Gamaliel

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Gamaliel

(gəmā`lēəl). 1 In the Bible, Manassite chief. 2 In the New Testament, president of the SanhedrinSanhedrin
, ancient Jewish legal and religious institution in Jerusalem that appears to have exercised the functions of a court between c.63 B.C. and c.A.D. 68. The accounts of it in the Mishna do not correspond to those in Josephus or in the New Testament.
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 at Jerusalem; teacher of St. Paul. He was also known as Gamaliel I, or Gamaliel the Elder. Grandson and disciple of the famous scholar HillelHillel,
fl. c.30 B.C.–A.D. 10, Jewish scholar, regarded as the forebear of the later patriarchs who led the Jews of Palestine until c.A.D. 400. The Jerusalem Talmud calls him the president of the Sanhedrin.
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, he advocated leniency toward Christians. 3 Grandson of Gamaliel I; fl. A.D. 80. Also known as Gamaliel II, he helped consolidate Judaism after the Jewish war (A.D. 66–70).
References in periodicals archive ?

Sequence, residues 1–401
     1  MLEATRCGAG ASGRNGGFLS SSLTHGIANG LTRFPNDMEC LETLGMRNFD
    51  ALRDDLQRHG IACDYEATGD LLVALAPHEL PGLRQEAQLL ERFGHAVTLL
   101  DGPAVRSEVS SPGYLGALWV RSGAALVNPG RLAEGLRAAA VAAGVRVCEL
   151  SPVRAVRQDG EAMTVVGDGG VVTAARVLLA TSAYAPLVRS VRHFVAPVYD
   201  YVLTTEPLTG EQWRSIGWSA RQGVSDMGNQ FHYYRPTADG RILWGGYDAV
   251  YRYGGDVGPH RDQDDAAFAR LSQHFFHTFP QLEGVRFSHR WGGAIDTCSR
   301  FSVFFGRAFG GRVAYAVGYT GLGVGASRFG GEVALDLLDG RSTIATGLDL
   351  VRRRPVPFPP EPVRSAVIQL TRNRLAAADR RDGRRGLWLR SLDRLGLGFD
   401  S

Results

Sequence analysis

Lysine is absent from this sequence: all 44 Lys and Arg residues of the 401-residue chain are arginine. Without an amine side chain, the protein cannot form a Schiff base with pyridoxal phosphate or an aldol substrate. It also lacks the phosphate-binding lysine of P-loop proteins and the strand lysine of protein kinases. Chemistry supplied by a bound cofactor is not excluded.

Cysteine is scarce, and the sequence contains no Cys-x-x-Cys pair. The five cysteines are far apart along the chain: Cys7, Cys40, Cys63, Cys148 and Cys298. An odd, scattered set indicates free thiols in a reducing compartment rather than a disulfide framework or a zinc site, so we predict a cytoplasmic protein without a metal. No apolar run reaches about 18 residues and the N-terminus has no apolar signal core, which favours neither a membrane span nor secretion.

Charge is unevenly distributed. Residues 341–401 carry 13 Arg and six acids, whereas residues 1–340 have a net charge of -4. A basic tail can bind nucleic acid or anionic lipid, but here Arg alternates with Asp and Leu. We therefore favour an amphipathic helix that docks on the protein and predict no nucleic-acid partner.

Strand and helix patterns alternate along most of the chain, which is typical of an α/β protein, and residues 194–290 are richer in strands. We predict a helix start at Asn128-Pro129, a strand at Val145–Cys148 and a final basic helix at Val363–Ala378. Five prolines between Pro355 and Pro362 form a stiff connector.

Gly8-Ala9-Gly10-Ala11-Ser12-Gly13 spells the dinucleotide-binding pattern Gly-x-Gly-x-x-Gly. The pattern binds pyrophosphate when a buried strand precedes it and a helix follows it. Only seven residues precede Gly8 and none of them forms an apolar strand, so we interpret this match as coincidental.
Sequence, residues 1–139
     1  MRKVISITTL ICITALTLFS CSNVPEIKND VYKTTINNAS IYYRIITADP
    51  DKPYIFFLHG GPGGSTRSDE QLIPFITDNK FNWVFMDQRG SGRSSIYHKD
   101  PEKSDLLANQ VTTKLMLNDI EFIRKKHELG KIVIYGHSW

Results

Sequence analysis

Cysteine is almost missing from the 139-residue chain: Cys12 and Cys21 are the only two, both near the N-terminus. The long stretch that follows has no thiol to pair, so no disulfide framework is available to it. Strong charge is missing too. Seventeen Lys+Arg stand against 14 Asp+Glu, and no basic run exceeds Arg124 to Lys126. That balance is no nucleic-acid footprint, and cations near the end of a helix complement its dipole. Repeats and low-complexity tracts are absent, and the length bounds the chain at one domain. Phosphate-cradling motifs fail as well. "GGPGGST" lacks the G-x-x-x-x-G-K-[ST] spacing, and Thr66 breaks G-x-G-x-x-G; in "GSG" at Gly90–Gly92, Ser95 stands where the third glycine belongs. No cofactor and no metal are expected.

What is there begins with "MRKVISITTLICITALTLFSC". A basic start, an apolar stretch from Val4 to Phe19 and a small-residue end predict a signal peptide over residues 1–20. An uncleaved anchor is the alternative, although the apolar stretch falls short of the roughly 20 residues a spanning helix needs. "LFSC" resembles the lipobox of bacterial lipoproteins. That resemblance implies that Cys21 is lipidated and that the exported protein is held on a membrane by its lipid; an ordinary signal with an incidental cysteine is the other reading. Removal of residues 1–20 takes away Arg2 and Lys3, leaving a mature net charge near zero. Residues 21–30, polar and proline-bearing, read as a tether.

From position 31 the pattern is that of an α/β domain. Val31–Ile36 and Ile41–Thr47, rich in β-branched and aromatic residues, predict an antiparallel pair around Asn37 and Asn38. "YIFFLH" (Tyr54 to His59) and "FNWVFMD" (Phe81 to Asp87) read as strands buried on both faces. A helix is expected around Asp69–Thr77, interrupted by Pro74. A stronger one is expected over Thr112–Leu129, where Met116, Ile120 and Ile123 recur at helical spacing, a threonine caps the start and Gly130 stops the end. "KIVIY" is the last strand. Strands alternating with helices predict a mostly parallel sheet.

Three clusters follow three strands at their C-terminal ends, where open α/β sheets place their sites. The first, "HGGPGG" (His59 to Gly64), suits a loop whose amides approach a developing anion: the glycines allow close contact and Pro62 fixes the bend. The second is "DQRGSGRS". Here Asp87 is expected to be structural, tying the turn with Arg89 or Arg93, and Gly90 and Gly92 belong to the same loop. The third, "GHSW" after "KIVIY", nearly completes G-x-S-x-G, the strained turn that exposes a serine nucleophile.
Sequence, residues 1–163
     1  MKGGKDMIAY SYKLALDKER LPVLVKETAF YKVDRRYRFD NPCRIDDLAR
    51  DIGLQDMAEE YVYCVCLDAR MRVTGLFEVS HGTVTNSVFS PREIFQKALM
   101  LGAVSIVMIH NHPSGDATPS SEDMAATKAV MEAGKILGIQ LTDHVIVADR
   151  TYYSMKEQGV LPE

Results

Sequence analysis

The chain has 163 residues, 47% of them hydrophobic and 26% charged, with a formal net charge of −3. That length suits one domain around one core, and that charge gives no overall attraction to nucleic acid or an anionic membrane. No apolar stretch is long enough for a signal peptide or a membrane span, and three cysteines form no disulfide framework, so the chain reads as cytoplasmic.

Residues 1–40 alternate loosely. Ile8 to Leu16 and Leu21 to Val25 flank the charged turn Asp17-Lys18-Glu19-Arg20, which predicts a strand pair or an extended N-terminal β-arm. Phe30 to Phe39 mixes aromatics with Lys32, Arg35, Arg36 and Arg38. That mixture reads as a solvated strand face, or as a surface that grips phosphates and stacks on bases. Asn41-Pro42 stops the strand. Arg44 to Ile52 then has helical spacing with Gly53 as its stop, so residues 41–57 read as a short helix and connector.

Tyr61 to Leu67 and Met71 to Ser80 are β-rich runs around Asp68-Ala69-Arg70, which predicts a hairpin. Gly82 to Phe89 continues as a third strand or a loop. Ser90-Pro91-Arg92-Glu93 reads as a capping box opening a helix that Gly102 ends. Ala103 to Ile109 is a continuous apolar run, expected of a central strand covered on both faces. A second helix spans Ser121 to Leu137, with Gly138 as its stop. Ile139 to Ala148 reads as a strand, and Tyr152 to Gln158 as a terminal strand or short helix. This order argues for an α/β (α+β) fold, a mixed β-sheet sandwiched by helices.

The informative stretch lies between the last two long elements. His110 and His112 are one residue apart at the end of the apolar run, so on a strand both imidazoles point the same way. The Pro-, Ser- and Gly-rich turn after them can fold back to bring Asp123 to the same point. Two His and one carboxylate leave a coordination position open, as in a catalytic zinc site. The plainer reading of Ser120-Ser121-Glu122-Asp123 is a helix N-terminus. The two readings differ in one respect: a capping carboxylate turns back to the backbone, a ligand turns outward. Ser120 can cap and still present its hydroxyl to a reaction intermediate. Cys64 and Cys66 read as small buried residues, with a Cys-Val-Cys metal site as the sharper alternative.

One of the maxims of Rabban Gamaliel is included in the first chapter of the tractate Abot of the Mishnah: "Rabban Gamliel says: Set up a master [rav] for yourself, avoid doubt.
The Pharisee Gamaliel is also mentioned a second time in the book of Acts in connection with the arrest of Paul and his trial by the members of the council.
Gamaliel is of course bewildered that he arouses such intense hatred, not only on the part of his wife but also on the part of their two daughters.
To help avoid detection, the werlings are capable of transforming themselves into various small animals, though a plump, clumsy little student named Gamaliel is having a hard time learning how to do this.
While this work represents a sincere effort on the part of a conservative evangelical Christian to find a positive understanding of Hinduism, Gamaliel is not able to suggest more than the idea that it represents a guide to the gospel.